Den Haag PRT Pitch

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For many years recycled rubber crumb, or SBR, as it is correctly called, has been used as an infill in 3G pitches. Its characteristics have repeatedly been proven to be ideal for this kind of application, and are used in the vast majority of football pitches installed since the late 90s. However, their future use is in question, as SBR is a microplastic and the use of microplastics is now being challenged.

SBR infill consists of small particles normally in a size range of 0.5-2.5mm. This means they are very small and tend to get into players shoes, clothing, hair and stick to damp skin. This means that small amounts leave the pitch with every player. More is also lost if the synthetic turf runs up to the fence, where it can bounce or fly out of the fibres and through the mesh, after being disturbed by players or maintenance equipment. When a field is brushed, SBR can be taken out in the bristles of brushes and tread of tyres. After many years accepting this as the norm, the loss of microplastics from the pitch has become a problem that needs addressing.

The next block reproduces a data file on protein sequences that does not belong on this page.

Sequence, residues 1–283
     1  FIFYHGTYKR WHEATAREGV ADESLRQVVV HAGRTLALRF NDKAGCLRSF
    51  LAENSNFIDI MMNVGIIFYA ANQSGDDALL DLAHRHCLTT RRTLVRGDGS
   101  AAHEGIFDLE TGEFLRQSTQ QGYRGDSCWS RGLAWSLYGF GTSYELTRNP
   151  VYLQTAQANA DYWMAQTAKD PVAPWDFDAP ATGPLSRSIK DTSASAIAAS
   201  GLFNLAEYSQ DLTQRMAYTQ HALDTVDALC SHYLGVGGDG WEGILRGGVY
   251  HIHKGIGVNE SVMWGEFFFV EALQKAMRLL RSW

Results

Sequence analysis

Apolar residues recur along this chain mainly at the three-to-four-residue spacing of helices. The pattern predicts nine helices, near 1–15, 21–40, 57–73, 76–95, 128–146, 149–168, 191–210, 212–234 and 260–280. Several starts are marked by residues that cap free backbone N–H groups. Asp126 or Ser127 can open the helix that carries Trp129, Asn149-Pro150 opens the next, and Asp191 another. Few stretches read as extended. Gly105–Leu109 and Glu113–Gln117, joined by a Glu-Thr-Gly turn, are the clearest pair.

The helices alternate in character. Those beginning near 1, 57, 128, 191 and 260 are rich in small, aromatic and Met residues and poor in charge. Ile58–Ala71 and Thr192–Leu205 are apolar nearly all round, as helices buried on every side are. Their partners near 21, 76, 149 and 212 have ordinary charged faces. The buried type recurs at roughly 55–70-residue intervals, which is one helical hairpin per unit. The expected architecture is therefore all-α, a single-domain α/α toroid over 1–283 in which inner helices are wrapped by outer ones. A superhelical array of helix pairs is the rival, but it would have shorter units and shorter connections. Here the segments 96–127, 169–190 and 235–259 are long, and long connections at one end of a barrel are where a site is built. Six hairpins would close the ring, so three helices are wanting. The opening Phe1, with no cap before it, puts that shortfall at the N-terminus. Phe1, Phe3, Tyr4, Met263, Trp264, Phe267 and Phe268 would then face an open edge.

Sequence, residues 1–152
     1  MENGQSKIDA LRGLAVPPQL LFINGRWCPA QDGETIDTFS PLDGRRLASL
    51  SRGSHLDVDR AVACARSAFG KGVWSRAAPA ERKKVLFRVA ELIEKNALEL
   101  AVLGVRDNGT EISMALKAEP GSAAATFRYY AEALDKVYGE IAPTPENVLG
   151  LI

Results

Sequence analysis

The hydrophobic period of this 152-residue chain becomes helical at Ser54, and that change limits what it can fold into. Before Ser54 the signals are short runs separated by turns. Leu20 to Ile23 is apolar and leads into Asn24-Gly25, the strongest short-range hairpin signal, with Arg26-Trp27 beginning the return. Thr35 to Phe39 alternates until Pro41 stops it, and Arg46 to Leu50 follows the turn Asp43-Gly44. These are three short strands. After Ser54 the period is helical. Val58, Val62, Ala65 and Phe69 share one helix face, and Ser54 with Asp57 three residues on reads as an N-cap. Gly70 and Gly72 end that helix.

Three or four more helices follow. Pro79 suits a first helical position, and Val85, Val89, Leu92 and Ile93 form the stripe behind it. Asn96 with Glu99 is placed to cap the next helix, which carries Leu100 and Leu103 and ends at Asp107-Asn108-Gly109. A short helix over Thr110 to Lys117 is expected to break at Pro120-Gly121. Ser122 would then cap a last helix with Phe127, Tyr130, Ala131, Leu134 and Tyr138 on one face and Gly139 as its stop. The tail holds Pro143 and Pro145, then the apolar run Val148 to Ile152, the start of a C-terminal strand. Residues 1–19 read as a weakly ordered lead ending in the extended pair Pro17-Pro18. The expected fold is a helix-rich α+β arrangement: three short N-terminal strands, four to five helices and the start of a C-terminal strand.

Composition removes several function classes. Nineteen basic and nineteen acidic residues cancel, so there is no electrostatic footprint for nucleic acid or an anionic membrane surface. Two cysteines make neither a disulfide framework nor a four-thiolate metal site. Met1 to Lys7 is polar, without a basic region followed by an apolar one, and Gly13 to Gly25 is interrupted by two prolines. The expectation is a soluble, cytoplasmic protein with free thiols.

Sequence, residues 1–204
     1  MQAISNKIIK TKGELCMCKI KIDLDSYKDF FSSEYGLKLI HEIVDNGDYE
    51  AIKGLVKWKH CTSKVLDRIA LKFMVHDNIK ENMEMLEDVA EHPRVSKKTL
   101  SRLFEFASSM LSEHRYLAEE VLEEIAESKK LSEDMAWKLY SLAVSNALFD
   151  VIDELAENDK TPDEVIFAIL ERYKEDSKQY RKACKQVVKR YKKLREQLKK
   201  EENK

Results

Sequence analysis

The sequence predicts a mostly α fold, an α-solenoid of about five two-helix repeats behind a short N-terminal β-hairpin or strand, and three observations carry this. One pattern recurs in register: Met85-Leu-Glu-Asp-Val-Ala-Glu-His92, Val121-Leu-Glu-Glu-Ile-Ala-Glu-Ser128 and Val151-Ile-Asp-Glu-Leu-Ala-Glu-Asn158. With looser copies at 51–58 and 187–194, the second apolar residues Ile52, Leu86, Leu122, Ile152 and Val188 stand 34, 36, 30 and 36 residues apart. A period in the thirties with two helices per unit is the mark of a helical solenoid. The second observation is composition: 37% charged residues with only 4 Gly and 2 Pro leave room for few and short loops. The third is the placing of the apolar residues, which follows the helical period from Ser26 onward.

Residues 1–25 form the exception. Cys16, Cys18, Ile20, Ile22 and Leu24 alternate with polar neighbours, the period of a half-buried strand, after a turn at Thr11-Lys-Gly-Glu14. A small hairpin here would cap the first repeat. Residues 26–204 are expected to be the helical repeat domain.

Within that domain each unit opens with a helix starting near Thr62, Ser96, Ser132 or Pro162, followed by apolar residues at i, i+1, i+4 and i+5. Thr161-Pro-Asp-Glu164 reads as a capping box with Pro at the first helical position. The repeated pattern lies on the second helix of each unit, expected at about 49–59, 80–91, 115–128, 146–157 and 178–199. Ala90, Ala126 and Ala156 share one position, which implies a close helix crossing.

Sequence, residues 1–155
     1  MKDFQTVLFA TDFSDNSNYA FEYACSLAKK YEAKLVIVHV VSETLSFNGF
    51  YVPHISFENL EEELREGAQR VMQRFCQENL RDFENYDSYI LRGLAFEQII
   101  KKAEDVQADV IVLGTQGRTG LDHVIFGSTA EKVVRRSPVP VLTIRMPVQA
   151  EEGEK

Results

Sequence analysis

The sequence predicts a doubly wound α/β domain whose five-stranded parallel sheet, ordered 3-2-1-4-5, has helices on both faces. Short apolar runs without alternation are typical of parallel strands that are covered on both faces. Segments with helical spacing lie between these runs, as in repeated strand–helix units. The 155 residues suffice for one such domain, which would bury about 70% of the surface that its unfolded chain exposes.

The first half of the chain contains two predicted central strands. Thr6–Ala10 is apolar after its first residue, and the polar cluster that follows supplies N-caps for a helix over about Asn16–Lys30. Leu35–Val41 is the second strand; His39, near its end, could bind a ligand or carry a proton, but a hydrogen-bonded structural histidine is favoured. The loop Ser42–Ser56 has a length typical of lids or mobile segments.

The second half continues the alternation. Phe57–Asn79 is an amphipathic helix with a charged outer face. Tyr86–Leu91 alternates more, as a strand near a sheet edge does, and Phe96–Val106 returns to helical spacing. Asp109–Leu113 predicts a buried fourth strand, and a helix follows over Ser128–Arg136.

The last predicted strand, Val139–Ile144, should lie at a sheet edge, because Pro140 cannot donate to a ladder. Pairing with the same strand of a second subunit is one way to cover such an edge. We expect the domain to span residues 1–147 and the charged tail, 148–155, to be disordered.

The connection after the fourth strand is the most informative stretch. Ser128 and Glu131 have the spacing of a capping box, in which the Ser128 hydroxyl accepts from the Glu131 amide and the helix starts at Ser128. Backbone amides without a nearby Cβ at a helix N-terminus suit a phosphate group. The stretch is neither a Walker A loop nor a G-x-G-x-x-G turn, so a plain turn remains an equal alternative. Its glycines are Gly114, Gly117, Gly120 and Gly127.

The first and hopefully best plan is containment. By installing solid barriers around the pitch, to prevent SBR “splashing” out, it can be successfully contained within the playing area. The introduction of grids at all gates can capture SBR on players boots and of maintenance equipment as it leaves the pitch. Simple hand brushing of players’ socks and other clothing can ensure the SBR drops back where it belongs.

Another way to combat the impact of SBR loss is to reduce the amount used. This is possible using shorter pile surfaces. A typical 60mm surface uses around 120 tonnes per football field. In contrast, a 40mm surface needs half this amount, which equates to 60 tonnes used, and 60 tonnes not needed. By increasing the number of fibres in a shorter pile surface, further containment is achieved.

But lower pile surfaces need shockpads to reach the correct playing characteristics and this costs a little more.  It now becomes a financial question as much as an environmental one. Are we prepared to pay more for a pitch if we can reduce the reliance on microplastics, as well as put in barriers and systems to contain SBR infill within the fields fencing system? If we don’t adapt we may see SBR and other microplastic infills banned from sports surfaces.

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